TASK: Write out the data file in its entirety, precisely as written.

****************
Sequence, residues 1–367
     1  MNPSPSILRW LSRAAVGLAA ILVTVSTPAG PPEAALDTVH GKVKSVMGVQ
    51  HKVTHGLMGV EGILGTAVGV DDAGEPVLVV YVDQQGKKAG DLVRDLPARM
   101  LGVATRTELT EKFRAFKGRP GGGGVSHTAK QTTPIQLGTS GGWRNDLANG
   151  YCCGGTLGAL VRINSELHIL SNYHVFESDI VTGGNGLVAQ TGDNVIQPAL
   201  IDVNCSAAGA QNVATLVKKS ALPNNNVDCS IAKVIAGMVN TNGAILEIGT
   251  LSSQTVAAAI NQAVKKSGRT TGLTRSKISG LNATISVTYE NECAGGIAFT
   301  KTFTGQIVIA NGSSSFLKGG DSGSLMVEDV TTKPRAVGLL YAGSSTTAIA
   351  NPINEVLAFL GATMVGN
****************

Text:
Sequence, residues 1–367
     1  MNPSPSILRW LSRAAVGLAA ILVTVSTPAG PPEAALDTVH GKVKSVMGVQ
    51  HKVTHGLMGV EGILGTAVGV DDAGEPVLVV YVDQQGKKAG DLVRDLPARM
   101  LGVATRTELT EKFRAFKGRP GGGGVSHTAK QTTPIQLGTS GGWRNDLANG
   151  YCCGGTLGAL VRINSELHIL SNYHVFESDI VTGGNGLVAQ TGDNVIQPAL
   201  IDVNCSAAGA QNVATLVKKS ALPNNNVDCS IAKVIAGMVN TNGAILEIGT
   251  LSSQTVAAAI NQAVKKSGRT TGLTRSKISG LNATISVTYE NECAGGIAFT
   301  KTFTGQIVIA NGSSSFLKGG DSGSLMVEDV TTKPRAVGLL YAGSSTTAIA
   351  NPINEVLAFL GATMVGN